At this point in the year, it’s pretty widely known that pilot hiring at the airlines fell off a cliff during most of 2020 following the COVID-19 outbreak. Louis Smith said, “The 12 major US airlines combined hired only 98 pilots in September.” Smith is president of the Future and Active Pilot Advisors (FAPA). Aircraft deliveries at companies like Boeing and Airbus have also pretty much ground to a halt. With the hit to the economy, some US airlines began laying off thousands of employees once the federal government’s payroll protection program expired on October 1.
Despite these record-breaking declines, Boeing tried to offer some optimism in its recent 20-year Aerospace Forecast. A corollary to Boeing’s forecast is that some airlines tried some until-recently-unproven plans to avoid delivering pink slips to thousands of pilots a few weeks ago after exhausting measures such as early retirements and lengthy leaves of absence.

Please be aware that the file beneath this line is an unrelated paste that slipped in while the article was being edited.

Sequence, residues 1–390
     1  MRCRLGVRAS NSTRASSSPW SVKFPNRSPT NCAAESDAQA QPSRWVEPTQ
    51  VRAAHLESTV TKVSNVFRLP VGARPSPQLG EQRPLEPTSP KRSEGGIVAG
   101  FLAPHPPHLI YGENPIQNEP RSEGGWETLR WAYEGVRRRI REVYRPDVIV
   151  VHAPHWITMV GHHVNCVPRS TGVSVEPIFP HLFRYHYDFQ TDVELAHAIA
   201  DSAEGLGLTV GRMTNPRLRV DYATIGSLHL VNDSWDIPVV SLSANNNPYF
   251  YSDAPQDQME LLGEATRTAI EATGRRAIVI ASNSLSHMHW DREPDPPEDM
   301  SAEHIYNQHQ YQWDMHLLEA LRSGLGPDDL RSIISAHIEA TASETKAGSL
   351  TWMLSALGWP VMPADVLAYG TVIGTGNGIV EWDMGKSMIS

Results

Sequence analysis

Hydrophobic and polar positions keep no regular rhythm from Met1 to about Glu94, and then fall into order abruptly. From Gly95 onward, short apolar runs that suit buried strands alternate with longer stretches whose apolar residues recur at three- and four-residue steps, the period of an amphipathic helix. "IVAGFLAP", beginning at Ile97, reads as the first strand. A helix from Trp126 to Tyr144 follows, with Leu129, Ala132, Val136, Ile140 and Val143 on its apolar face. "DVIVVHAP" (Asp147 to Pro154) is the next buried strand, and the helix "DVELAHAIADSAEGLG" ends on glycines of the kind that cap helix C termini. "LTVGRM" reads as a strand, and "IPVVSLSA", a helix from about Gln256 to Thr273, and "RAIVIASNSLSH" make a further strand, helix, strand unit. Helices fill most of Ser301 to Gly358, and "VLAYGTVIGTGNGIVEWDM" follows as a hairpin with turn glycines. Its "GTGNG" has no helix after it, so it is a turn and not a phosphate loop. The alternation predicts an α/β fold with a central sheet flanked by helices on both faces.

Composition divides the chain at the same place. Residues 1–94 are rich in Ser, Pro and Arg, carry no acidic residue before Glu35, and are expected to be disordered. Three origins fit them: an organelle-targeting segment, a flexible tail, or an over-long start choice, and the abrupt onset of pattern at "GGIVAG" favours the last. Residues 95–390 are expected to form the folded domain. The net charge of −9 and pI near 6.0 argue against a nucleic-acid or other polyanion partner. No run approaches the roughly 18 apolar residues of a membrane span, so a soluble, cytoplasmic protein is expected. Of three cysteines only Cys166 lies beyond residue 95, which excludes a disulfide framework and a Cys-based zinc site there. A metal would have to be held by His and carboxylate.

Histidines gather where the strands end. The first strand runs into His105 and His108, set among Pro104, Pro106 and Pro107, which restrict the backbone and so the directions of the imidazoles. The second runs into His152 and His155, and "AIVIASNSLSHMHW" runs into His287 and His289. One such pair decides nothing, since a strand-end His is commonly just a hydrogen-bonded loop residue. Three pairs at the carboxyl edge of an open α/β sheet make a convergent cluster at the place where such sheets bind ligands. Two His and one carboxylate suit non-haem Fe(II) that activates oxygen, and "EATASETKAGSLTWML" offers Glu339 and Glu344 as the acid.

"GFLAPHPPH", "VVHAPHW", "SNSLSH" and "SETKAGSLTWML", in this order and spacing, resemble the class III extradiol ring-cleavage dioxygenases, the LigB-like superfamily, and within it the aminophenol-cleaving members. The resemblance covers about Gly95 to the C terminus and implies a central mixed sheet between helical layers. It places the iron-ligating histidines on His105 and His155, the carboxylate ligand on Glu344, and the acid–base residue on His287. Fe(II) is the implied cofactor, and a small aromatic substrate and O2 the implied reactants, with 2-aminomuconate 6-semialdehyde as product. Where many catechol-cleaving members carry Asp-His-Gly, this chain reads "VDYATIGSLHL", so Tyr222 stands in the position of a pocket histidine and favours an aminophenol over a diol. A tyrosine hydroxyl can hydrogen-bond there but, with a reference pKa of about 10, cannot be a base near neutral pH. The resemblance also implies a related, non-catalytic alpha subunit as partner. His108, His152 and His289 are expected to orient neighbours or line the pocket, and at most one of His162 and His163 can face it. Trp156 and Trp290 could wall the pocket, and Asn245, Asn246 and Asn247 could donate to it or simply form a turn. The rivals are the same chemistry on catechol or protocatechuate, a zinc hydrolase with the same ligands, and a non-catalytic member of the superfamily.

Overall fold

Smith said, “United Airlines and the Air Line Pilots Association managed to negotiate an agreement that prevented many aviators from being grounded. “United Airlines and ALPA reached an agreement to avoid pilot furloughs until June of 2021,” Smith explained. “The pilots ratified an agreement allowing reduced monthly pay guarantees apportioned into three groups: senior, middle & junior [seniority]. Pay rates stayed the same, but it is now a part-time cockpit job for the junior [United] pilots. It’s a significant deviation from past practices of furloughing in reverse seniority, so it’s clear management and union leaders believe the retirement of senior pilots and quick recovery from the pandemic-triggered demand collapse could contribute to a speedy turnaround.” Smith added “Delta and ALPA are still discussing a mitigation plan similar to United’s, while American and Allegiant have furloughed cockpit crewmembers.”